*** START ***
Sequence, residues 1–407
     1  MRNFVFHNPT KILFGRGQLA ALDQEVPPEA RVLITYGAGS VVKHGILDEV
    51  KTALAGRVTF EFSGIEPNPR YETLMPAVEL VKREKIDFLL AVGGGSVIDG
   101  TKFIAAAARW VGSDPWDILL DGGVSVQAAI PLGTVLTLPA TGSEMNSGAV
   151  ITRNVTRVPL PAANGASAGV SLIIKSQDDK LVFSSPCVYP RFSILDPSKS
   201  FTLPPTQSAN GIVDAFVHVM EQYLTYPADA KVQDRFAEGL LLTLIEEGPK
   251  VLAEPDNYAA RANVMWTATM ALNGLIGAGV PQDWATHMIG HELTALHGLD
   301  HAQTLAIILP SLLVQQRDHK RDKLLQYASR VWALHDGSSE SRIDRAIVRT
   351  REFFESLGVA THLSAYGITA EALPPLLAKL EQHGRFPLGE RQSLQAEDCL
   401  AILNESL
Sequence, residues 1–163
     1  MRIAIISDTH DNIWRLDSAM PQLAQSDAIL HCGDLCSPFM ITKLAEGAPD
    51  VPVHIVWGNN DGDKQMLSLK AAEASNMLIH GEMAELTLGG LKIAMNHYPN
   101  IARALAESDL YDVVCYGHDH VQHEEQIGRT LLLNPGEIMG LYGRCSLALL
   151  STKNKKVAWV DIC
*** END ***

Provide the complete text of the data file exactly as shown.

Sequence, residues 1–407
     1  MRNFVFHNPT KILFGRGQLA ALDQEVPPEA RVLITYGAGS VVKHGILDEV
    51  KTALAGRVTF EFSGIEPNPR YETLMPAVEL VKREKIDFLL AVGGGSVIDG
   101  TKFIAAAARW VGSDPWDILL DGGVSVQAAI PLGTVLTLPA TGSEMNSGAV
   151  ITRNVTRVPL PAANGASAGV SLIIKSQDDK LVFSSPCVYP RFSILDPSKS
   201  FTLPPTQSAN GIVDAFVHVM EQYLTYPADA KVQDRFAEGL LLTLIEEGPK
   251  VLAEPDNYAA RANVMWTATM ALNGLIGAGV PQDWATHMIG HELTALHGLD
   301  HAQTLAIILP SLLVQQRDHK RDKLLQYASR VWALHDGSSE SRIDRAIVRT
   351  REFFESLGVA THLSAYGITA EALPPLLAKL EQHGRFPLGE RQSLQAEDCL
   401  AILNESL
Sequence, residues 1–163
     1  MRIAIISDTH DNIWRLDSAM PQLAQSDAIL HCGDLCSPFM ITKLAEGAPD
    51  VPVHIVWGNN DGDKQMLSLK AAEASNMLIH GEMAELTLGG LKIAMNHYPN
   101  IARALAESDL YDVVCYGHDH VQHEEQIGRT LLLNPGEIMG LYGRCSLALL
   151  STKNKKVAWV DIC